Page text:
Different extraction procedures and analysis of protein from Ulva sp. in Brittany, France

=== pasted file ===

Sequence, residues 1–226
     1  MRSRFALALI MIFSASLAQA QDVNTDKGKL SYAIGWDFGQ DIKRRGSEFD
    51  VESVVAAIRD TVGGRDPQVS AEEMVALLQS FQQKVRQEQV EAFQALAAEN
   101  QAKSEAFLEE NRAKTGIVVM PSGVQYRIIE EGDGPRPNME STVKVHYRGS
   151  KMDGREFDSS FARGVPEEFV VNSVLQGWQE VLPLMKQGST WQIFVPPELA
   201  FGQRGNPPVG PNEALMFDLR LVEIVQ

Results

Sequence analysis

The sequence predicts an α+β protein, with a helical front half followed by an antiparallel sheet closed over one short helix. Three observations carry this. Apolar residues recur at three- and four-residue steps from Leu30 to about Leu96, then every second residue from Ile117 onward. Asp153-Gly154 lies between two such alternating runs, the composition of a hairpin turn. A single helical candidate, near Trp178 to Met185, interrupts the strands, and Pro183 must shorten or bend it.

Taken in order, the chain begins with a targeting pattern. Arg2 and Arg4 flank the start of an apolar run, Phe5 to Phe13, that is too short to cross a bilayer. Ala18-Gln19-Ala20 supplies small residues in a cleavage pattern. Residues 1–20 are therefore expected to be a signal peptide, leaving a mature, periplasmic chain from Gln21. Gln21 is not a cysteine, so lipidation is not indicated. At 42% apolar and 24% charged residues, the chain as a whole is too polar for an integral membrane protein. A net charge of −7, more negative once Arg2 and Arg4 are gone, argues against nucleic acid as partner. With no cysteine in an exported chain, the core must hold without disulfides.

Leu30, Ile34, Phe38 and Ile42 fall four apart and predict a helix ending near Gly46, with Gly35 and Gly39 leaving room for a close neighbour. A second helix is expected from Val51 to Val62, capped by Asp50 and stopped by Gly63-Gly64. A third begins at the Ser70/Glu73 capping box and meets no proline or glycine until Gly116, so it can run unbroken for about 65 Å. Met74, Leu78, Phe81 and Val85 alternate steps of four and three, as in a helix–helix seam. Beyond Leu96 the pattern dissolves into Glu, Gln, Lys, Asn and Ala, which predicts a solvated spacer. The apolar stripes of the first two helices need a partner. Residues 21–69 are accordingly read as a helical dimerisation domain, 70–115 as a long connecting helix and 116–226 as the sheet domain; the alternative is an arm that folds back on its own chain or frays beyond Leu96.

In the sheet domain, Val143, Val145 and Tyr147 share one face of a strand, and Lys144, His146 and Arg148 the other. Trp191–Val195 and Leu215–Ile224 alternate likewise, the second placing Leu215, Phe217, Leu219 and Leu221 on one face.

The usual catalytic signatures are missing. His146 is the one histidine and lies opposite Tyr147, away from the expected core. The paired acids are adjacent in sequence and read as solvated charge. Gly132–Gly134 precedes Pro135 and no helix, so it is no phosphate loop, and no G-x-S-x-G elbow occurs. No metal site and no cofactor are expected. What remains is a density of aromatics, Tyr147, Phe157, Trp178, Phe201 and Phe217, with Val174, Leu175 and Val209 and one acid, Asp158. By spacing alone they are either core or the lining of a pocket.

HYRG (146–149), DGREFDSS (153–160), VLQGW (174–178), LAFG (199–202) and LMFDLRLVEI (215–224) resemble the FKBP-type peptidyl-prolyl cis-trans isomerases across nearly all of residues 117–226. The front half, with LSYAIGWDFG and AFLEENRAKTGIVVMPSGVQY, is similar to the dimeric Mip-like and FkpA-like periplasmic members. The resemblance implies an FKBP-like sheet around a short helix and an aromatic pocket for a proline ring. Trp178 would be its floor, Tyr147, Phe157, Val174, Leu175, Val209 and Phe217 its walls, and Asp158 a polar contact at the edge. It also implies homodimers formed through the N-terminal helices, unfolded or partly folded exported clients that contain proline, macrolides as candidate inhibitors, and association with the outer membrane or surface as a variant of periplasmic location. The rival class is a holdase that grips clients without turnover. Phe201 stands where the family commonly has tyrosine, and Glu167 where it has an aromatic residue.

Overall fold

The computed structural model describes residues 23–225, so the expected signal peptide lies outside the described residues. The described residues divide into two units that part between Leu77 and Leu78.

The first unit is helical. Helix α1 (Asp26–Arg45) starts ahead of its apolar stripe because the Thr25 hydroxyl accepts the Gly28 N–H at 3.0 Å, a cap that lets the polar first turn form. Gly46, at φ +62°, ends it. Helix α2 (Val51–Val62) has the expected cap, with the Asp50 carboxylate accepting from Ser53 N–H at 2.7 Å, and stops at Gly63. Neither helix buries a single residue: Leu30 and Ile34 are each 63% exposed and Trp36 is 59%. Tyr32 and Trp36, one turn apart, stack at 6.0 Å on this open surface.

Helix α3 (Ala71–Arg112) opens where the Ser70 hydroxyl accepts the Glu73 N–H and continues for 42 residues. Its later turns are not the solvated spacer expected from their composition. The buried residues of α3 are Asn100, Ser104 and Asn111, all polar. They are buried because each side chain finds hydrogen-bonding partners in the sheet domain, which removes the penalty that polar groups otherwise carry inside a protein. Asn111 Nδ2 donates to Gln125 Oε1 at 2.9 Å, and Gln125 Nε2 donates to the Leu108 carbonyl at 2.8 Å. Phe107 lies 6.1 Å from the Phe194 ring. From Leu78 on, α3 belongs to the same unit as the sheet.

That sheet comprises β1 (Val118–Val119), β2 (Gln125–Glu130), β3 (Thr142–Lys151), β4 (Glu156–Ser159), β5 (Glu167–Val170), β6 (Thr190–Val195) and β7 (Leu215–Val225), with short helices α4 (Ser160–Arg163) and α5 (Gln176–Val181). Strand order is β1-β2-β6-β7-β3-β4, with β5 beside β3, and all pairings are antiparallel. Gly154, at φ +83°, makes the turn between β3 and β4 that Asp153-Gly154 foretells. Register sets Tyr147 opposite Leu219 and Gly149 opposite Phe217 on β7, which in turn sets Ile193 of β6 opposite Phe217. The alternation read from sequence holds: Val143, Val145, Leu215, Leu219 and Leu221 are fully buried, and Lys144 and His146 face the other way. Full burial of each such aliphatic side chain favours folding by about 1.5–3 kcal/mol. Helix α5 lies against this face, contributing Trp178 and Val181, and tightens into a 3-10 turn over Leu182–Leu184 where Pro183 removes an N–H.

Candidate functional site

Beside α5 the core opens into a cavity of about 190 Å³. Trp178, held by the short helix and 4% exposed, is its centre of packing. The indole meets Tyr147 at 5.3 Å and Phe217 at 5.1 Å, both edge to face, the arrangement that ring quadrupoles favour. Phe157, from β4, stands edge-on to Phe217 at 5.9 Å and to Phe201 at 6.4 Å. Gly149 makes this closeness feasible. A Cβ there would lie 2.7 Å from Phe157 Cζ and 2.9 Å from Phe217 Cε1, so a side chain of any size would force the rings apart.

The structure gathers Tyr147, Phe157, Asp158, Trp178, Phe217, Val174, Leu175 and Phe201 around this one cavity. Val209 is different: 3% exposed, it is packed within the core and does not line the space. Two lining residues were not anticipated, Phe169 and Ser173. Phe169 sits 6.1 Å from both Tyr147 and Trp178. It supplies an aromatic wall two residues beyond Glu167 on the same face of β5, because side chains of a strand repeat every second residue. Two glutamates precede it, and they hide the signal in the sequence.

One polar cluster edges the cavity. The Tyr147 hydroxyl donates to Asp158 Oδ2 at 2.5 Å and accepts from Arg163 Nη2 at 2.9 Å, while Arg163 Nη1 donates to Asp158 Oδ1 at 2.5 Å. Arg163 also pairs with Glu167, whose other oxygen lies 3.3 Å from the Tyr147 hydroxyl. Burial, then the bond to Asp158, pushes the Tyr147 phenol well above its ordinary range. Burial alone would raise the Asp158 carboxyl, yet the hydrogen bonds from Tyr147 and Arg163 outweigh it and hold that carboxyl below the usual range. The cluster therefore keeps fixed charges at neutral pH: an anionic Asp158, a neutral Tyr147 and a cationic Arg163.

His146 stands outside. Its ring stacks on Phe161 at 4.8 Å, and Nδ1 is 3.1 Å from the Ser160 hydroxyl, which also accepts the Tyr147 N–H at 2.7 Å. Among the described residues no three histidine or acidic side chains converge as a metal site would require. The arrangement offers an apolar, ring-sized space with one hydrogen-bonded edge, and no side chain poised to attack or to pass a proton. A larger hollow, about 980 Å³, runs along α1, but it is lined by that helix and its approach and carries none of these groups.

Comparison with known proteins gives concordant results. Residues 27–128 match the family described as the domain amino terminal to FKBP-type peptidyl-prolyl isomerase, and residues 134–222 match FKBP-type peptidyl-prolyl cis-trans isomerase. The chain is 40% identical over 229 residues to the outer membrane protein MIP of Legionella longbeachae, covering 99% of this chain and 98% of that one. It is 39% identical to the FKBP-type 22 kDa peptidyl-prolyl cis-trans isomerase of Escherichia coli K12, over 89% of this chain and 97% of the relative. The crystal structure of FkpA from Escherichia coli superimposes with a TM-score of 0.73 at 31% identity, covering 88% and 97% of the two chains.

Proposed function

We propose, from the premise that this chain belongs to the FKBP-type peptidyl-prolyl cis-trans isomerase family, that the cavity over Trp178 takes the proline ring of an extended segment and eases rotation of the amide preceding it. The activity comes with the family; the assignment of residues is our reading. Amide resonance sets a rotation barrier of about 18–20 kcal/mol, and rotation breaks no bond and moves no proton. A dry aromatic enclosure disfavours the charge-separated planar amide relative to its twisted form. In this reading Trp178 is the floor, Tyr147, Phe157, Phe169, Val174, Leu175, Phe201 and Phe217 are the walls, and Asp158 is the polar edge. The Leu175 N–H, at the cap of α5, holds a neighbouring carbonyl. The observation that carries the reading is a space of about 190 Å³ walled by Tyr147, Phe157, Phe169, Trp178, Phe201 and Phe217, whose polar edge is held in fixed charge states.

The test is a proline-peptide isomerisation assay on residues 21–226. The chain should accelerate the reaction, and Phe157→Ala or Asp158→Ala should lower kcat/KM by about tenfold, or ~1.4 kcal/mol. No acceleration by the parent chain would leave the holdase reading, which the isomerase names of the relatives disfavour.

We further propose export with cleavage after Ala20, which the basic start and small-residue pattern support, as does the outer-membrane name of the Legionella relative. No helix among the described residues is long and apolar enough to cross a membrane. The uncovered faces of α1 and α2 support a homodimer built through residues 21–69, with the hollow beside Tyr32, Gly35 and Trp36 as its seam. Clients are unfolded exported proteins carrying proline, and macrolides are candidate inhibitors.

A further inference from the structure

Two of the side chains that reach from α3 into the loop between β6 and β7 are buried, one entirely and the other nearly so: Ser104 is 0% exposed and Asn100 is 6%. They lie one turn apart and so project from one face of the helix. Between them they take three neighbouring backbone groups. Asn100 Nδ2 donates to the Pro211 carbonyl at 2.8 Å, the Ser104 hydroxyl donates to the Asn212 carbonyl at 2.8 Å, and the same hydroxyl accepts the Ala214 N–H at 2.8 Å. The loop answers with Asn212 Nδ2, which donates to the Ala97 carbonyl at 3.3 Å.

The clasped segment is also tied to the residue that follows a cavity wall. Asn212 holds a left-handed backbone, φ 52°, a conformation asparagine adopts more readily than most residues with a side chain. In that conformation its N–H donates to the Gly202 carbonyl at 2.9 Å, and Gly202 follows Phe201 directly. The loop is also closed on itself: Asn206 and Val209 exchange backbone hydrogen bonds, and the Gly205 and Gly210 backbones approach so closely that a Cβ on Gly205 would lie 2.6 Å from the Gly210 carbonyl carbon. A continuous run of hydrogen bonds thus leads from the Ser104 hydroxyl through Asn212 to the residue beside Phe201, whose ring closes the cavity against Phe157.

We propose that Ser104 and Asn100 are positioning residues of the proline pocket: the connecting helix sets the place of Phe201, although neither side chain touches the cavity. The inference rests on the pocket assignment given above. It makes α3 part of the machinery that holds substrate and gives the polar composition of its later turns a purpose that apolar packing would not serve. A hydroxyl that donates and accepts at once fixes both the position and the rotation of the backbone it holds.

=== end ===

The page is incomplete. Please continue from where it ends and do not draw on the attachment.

The Norwegian seaweed industry is expanding and there is a need for accurate estimates of protein content of seaweed species from Norwegian waters. A solid method to calculate protein content is through the sum of the proteomic amino acids; however, it can be expensive and beyond the capacities of many laboratories. The most commonly used method to quantify protein is based on the assessment of crude protein from overall nitrogen content, using the traditional nitrogen-to-protein conversion factor of 6.25. However, this approach can be inaccurate when applied to seaweeds, often resulting in an overestimation of their protein content. Specific nitrogen-to-protein conversion factors, calculated from amino acid composition and total nitrogen, give a more reliable protein quantification in seaweeds. However, no such factors are available for species from Norwegian waters. This study was designed to characterize the amino acid composition of 21 seaweed species from Norwegian waters and use the amino acid data to estimate protein contents of the seaweeds. Crude protein analysis (nitrogen × 6.25) was performed and resulted in overestimation (18–44 %) of the protein content compared to the sum of proteomic amino acids. Specific nitrogen-to-protein conversion factors, calculated for each species, ranged from 3.53 ± 0.1 to 5.13 ± 0.1. This study provides nutritional data on Norwegian seaweeds, covering a relatively wide range of species. Moreover, it is the first study to assess nitrogen-to-protein conversion factors on such species.